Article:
A considerable literature has amassed documenting strong associations of substance use, abuse and dependence with a range of mental disorders in community samples (1
). These forms of comorbidity have been observed for diverse substances and have negative consequences for both the persistence and severity of these disorders (13
). The reasons for these associations have been widely debated (21
), including the possibility that they may result in part from causal effects of primary mental disorders. If such effects could be documented rigorously, they would have important implications for refining substance use prevention and treatment strategies. However, the majority of existing epidemiologic research has been based on analyses of syndrome severity changes attributable to comorbidity (18
) or, more commonly, on retrospective estimates concerning the order of disorder onset (6
). Such estimates are susceptible to forward telescoping (25
) or other memory biases, and therefore do not offer definitive evidence that specific mental disorders are risk factors for the development of substance use, abuse or dependence.
Longitudinal investigations capable of confirming the order of onset of these conditions are limited in number, but several have found that certain mental disorders predict the later onset of smoking or nicotine dependence (26
), alcohol abuse or dependence (29
), and drug abuse or dependence (29
). Associations have also been found in the opposite direction (12
), but retrospective and prospective studies both indicate that mental disorders have a temporally primary age of onset in the majority of these forms of comorbidity (13
). Although the full impact of primary mental disorders is unknown, simulation studies have estimated that their early treatment or prevention might reduce 15% to 40% of cases of secondary substance dependence (8
). These simulations provide upper bound estimates due to the fact that mental-substance disorder comorbidity might be attributable, at least in part, to shared etiologic factors rather than solely to the causal effects of mental disorders. To date, these estimates have not been based on prospective community surveys and it is therefore unclear to what extent they may be distorted by retrospective dating of disorder onset or to biases associated with longitudinal assessments in clinical samples.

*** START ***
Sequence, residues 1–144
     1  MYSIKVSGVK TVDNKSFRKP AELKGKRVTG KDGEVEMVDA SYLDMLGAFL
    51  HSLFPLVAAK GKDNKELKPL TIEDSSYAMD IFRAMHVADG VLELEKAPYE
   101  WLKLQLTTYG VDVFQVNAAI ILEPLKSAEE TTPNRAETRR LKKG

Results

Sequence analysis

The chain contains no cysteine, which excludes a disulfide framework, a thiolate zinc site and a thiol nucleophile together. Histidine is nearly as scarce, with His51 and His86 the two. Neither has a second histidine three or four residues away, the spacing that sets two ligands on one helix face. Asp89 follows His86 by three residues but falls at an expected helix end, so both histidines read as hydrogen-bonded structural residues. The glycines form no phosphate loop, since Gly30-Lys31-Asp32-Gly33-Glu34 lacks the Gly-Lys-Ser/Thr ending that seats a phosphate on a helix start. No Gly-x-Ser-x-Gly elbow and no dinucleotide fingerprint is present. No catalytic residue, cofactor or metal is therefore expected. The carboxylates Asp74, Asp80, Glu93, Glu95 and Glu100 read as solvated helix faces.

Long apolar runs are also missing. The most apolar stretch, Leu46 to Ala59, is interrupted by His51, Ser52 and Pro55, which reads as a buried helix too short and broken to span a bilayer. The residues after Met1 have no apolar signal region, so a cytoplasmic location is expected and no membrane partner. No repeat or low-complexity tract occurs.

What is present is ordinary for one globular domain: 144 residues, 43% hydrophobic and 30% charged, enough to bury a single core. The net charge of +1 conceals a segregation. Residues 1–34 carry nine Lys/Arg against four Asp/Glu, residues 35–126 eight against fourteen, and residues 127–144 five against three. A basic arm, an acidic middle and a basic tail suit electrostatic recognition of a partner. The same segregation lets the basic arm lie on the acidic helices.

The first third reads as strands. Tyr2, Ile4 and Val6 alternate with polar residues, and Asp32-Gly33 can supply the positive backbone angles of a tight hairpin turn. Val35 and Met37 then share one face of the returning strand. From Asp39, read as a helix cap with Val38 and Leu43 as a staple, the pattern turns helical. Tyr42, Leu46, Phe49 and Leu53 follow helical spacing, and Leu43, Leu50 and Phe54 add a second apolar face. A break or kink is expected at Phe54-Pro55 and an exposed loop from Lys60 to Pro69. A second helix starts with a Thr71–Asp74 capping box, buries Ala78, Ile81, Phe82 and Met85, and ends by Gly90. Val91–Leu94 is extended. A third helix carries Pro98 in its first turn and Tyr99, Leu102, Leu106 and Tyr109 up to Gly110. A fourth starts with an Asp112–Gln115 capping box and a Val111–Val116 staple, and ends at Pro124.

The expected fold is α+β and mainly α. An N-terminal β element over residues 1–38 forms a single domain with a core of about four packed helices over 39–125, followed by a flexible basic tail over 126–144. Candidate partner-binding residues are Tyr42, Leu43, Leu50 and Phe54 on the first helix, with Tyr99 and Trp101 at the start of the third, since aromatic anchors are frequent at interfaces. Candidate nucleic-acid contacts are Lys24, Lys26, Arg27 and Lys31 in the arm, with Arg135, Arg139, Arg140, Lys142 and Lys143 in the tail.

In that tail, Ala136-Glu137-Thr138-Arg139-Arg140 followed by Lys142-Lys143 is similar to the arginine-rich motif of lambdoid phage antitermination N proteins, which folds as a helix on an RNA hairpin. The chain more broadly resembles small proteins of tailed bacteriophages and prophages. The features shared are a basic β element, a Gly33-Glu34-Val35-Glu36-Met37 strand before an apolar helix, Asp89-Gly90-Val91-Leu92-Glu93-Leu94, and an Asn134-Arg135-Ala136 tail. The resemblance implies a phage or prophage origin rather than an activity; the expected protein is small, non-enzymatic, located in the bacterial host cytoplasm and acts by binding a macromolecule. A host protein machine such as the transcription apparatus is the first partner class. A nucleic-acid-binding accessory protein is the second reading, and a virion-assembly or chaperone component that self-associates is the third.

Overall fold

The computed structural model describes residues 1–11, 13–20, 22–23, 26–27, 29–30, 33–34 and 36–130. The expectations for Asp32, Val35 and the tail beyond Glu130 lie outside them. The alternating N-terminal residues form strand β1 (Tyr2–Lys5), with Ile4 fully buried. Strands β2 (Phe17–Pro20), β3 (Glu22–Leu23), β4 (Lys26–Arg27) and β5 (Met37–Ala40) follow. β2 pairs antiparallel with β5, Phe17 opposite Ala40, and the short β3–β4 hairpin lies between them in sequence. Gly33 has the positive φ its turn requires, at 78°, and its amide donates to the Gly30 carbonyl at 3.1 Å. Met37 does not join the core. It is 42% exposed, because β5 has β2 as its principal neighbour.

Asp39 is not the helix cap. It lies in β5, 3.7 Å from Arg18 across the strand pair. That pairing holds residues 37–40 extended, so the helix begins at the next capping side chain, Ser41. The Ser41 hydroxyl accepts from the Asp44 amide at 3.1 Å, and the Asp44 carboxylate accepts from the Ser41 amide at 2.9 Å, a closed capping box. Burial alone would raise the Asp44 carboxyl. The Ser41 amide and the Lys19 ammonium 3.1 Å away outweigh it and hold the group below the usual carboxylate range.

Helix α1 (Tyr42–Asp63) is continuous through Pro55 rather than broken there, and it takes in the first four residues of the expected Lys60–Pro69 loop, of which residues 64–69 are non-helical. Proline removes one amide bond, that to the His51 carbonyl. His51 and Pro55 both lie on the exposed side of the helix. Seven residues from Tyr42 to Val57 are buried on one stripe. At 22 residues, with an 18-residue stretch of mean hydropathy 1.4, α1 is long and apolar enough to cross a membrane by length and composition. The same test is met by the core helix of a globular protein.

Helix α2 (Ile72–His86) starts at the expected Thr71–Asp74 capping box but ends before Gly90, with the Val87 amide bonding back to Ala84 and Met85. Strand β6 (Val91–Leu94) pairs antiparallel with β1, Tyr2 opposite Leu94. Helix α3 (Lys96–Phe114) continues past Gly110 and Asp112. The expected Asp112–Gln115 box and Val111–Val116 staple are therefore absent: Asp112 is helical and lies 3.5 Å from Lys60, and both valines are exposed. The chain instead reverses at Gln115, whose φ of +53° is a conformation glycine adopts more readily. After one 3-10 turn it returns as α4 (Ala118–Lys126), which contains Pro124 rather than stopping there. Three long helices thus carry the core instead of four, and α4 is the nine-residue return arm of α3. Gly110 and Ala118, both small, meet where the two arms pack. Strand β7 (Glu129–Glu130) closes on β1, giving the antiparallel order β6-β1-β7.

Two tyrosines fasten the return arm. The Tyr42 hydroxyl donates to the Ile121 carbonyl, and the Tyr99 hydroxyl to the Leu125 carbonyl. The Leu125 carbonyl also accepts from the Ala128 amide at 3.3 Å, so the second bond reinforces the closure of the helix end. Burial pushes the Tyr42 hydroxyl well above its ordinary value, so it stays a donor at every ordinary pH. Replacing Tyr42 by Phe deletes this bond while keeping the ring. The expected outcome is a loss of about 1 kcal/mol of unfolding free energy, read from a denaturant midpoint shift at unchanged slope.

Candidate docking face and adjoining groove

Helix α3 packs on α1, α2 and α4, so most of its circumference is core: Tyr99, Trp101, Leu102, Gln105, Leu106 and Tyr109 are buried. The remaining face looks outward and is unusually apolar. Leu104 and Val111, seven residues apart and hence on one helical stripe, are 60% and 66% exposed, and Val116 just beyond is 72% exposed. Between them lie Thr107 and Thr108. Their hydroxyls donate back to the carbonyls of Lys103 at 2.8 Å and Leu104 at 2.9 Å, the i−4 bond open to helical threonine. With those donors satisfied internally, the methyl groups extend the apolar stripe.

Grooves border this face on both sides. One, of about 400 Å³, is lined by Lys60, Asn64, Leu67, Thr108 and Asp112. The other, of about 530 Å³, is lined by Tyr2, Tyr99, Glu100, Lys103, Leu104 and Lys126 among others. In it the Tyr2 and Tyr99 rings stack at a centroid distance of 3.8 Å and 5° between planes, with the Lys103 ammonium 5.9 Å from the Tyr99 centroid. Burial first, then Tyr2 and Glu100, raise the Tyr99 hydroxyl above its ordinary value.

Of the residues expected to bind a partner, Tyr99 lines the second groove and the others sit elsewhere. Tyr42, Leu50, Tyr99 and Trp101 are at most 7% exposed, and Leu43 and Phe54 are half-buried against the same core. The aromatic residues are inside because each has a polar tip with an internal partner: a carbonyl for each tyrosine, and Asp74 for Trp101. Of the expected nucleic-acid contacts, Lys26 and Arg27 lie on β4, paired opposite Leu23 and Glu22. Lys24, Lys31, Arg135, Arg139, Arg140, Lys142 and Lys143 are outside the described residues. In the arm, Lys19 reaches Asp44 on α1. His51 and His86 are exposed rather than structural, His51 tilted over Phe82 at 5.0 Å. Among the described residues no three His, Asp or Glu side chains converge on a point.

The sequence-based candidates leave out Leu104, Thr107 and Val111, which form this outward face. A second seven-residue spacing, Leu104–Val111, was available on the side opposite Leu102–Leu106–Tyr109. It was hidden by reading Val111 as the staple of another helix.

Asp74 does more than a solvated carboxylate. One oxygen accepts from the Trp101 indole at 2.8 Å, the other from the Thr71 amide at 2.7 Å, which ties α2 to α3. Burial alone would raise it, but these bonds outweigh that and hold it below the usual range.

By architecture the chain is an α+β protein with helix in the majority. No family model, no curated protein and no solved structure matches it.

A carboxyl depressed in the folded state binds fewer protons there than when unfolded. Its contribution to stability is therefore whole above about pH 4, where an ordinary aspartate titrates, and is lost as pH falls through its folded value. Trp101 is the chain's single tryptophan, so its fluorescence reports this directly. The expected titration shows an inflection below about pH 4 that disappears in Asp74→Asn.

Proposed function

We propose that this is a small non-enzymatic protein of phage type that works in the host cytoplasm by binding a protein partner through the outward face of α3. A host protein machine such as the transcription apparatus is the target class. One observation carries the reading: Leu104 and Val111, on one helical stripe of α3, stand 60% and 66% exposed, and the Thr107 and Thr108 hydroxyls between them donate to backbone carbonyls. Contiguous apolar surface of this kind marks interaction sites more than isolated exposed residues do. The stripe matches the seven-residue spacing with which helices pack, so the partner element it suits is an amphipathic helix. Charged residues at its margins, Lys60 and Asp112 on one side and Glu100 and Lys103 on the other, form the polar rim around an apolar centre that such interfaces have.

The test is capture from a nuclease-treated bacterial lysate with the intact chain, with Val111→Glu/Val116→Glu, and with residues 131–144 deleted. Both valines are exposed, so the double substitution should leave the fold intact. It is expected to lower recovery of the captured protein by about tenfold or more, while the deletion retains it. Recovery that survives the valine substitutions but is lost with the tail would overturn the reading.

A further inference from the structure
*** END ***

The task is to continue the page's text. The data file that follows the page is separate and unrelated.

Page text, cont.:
An additional concern for comorbidity research is the lack of information regarding the specific stages of substance use trajectories that are most strongly associated with pre-existing mental disorders. The common approach has been to examine mental disorders as predictors of substance dependence among all individuals in a given sample, ignoring the possibility that mental disorders may more strongly predict substance use, or the transition from use to abuse, rather than the onset of dependence alone. An alternative approach would be to examine predictors of these different transitions, thereby gaining information about the precise stage at which mental disorders have their greatest predictive effects. This strategy that has recently been applied to investigate the influence of sociodemographic predictors of the transitions between categories substance use, abuse and dependence (36
) and has provided novel information that is inaccessible to classic analytic approaches. Application of the same approach to mental-substance comorbidity would refine our understanding of the prospective associations between primary mental disorders and the subsequent onset of substance use, abuse and dependence.
Using data from a nationally representative two-wave panel survey of the US population spanning a 10-year period, the current investigation examines the risk of pre-existing mental disorders for the initial onset of use, abuse, and dependence relative to three classes of substances: nicotine, alcohol and illicit drugs. Baseline predictors include lifetime history of mood disorders, anxiety disorders, behavior disorders and additional substance use conditions. In order to provide comparability with the previous literature (1
), unconditional analyses examine mental disorders as risk factors for the first onset of nicotine, alcohol and drug dependence, while conditional analyses then decompose these aggregate associations by examining the predictive effects of mental disorders on transitions from nonuse to use, from use to abuse, and from abuse to dependence for each substance class.